By Marcus Leach

Nearly two-fifths (39%) of small businesses in the UK do not have a disaster recovery (DR) plan in place for their IT, and well over half (57%) have no business continuity for their workplace requirements.

These are the findings of the latest research report from Regus, the world’s largest provider of flexible workplaces, suggesting that the issue of DR has slipped down boardroom agendas in the economic downturn.

The report highlights that small firms are less likely to have an adequate IT and workplace DR plan than large firms, and are leaving themselves exposed to the huge business risk posed by relatively common events such as fires, flooding and theft.

In order to take the pulse of business ‘preparedness’, the Regus report canvassed the opinions of 2000 small businesses across the UK and found that a significant proportion are taking a huge gamble with their shareholder’s assets and failing to take proper precautions.

Key findings include:

*33% of large UK firms (with over 250 employees) compared to 39% of small firms do not have an IT DR plan in place ensuring systems are up and running within 24 hours
*53% of large firms have no workplace recovery that could be available within 24 hours, compared to 57% of small firms
*Over a quarter of SMEs (27%) perceive the cost of DR as “prohibitive” compared to only 8% of large firms
*Over a third of respondents (34%) declared that they would invest in workplace recovery if the service were suitably priced

“Our research reveals that, in spite of reports indicating that the average incident can cost hundreds of thousands of pounds, disaster recovery among UK businesses and especially SMEs is not as widespread as imagined, particularly when it comes to workspace," Celia Donne, Regional Director at Regus commented.

"Although the UK is not regarded as a country particularly at risk of natural disasters, Lloyds of London has recently warned that the insurance industry faces significant difficulties after record claims in 2011, highlighting that lack of planning can have wider-reaching consequences.

Daryl Hill, Managing Director of Mapcargo International, the transport and logistics company, explains how Regus came to their rescue.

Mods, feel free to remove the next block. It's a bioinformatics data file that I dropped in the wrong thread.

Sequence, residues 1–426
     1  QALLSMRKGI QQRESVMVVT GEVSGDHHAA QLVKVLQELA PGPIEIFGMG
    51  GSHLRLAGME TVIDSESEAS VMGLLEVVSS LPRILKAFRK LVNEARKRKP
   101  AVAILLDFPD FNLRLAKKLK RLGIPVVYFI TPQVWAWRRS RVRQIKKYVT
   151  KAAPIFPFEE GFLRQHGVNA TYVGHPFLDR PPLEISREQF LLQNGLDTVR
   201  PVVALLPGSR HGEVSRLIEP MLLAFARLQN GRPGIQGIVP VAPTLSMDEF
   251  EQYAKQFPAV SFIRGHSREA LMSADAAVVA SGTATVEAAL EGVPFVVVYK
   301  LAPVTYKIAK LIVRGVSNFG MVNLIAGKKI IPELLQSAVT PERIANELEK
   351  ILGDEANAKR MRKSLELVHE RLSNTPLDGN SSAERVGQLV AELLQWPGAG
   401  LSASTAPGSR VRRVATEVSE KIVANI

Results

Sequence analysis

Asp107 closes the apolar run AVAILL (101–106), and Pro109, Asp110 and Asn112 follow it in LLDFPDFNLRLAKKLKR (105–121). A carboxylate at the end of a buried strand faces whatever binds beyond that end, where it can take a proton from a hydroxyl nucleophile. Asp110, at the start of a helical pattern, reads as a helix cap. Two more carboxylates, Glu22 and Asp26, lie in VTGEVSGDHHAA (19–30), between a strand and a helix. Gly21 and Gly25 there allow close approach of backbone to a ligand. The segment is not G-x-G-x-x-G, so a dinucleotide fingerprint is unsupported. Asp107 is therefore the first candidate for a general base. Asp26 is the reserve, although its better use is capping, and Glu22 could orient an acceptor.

“Put simply, Regus came to the rescue after our Heathrow HQ was destroyed by fire," he said.

"What we thought was a small fire ended with the building collapsing and an urgent need to relocate 27 employees. For Mapcargo to survive as a business it was critical that we could be up and running fast, as communication is an integral part of our business and we can’t operate without it.

"It was the recommendation of a friend that put us in contact with the Regus office in Stockley Park. I would urge all businesses, large or small, to be proactive and put thought and planning into their disaster recovery programmes rather than waiting until something happens. Regus combines know-how and excellent service with ready to go office space to help you keep your business ticking over when disaster strikes.”

Celia Donne continued to say that most SMEs would be willing to pay a monthly fee to cover such disasters.

“Over a quarter of SMEs in the UK reveal a high perceived cost of DR, but many also report that they would be willing to pay a monthly fee to access a workplace disaster recovery facility in case of emergency," she said.

"This is an important indication that although too many businesses are taking a gamble, their mentality is changing. As affordable products and services become available around the globe, it is likely that more businesses will finally stop hoping for the best and seriously start planning to prepare for the worst.”

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